Challenges and competitions for older people

Dr Kate Sanders PhD, MSc, BSc (Hons), HV Cert, RN - Practice Development Facilitator

Kate Sanders, Practice Development Facilitator, FoNS

I was watching the breakfast news on Saturday morning and was delighted to see the item about the world cycling challenge for people living in care homes. During September, 4,300 people took part in the competition across the globe, cycling a staggering 6,213 miles, which is more than twice around the world.

I have seen the bikes in use first-hand at The Fed, in Prestwich, Manchester (one of the homes involved in the Teaching Care Homes Programme). Originally, The Fed agreed to be part of a research study, looking at the impact of regular use of the bikes by residents. Once the study was over and the bikes were removed, they were missed by the residents. Fortunately, a donation enabled the home to buy some and so once again the residents are happily cycling. When I visited, 3 residents were pedalling their way around the canals of Venice – accompanied by a number of other interested onlookers. It was great to see the residents ‘clocking up’ the miles, whilst also visiting places both familiar and new.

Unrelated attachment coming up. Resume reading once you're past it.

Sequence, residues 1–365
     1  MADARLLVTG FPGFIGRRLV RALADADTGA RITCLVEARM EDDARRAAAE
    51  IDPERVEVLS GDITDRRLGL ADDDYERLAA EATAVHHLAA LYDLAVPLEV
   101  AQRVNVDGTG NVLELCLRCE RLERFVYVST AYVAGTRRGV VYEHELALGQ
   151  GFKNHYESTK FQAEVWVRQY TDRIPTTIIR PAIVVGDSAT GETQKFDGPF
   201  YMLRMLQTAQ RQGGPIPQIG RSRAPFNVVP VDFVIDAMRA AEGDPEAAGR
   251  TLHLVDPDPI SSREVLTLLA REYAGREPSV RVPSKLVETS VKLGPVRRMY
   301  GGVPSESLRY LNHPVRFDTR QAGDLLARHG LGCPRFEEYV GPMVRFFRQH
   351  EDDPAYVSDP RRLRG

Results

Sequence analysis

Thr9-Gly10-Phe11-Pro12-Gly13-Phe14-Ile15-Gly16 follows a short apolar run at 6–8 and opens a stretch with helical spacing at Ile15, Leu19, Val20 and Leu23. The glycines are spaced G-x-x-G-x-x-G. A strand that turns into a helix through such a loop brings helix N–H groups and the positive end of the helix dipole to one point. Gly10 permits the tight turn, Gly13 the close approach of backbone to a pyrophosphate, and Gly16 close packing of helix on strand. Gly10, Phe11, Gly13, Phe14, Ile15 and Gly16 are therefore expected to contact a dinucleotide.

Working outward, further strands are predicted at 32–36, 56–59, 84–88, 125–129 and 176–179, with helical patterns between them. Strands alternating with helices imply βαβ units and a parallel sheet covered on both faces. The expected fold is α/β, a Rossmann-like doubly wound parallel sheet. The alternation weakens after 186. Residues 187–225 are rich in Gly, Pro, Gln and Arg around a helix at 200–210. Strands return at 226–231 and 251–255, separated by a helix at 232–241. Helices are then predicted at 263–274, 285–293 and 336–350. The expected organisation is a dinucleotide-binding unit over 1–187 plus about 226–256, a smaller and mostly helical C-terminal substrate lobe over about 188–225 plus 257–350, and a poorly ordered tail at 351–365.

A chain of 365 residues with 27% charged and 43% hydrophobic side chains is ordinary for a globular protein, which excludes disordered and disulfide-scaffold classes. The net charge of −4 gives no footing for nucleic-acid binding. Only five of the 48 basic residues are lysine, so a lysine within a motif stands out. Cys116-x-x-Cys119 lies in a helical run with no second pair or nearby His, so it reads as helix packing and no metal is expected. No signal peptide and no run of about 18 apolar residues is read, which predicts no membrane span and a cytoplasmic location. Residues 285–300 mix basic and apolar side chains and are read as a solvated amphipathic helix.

But back to the idea of the world challenge. The opportunity to compete and rise to a challenge is an important part of life for many of us. Some may seek this through their work, others may look elsewhere, engaging in team sports, or individual activities such as running for example. There are also darts teams, snooker leagues, bridge competitions, dominoes champions etc. And what about those with a passion for gardening – growing the most beautiful dahlia, or the biggest marrow; or the cake-makers, the artists etc. I suspect the list of possibilities is endless.

I found myself looking at Maslow’s hierarchy of need and wondering where the world challenge would fit. It seems that it could provide an opportunity for new friendships, camaraderie and sense of connection as each resident contributes to the team effort (love and belonging); and also a sense of achievement and enhanced confidence (self-esteem). I also did a quick database search, trying to find some literature on older people and the role that competition might play in their lives. I didn’t come across anything obvious (although I realise my search could be flawed); however, I have been left with the following questions:

  • What role does competition and challenge play in the life of older people, particularly those who are living in care homes?
  • What wider opportunities could be created to engage older people in meaningful challenges and competitions?

I would love to hear your views

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